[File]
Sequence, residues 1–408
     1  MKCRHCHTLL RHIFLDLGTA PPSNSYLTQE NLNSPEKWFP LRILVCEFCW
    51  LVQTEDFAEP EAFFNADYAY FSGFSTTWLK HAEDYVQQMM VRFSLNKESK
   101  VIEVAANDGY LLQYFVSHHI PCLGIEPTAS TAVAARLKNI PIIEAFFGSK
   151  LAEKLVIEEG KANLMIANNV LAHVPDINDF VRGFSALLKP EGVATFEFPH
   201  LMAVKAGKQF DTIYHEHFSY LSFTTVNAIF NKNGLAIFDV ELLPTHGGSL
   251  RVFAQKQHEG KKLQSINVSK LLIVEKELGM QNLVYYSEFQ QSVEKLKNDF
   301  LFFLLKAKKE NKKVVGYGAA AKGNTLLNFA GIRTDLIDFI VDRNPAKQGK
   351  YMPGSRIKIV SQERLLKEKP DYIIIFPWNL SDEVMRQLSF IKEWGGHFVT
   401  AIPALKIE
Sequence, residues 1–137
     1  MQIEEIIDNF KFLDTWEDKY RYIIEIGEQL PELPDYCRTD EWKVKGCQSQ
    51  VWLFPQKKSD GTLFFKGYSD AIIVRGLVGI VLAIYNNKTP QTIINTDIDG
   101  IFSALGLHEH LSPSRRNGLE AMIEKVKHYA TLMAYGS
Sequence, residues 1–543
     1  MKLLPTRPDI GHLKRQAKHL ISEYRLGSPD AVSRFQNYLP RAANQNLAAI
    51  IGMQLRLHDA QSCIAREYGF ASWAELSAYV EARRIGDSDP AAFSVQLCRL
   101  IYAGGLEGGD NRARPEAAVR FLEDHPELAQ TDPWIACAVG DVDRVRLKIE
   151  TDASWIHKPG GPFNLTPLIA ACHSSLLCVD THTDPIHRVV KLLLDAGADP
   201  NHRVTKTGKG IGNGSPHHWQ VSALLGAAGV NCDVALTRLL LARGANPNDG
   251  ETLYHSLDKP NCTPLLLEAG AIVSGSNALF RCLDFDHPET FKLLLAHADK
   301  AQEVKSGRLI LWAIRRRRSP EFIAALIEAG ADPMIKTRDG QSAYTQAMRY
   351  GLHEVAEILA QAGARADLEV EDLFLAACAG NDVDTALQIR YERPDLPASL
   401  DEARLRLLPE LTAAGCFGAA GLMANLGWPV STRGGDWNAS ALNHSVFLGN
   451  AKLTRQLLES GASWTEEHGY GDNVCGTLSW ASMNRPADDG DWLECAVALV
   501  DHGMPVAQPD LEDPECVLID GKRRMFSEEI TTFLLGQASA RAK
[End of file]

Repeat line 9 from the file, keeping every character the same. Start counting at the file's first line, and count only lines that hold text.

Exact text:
   351  YMPGSRIKIV SQERLLKEKP DYIIIFPWNL SDEVMRQLSF IKEWGGHFVT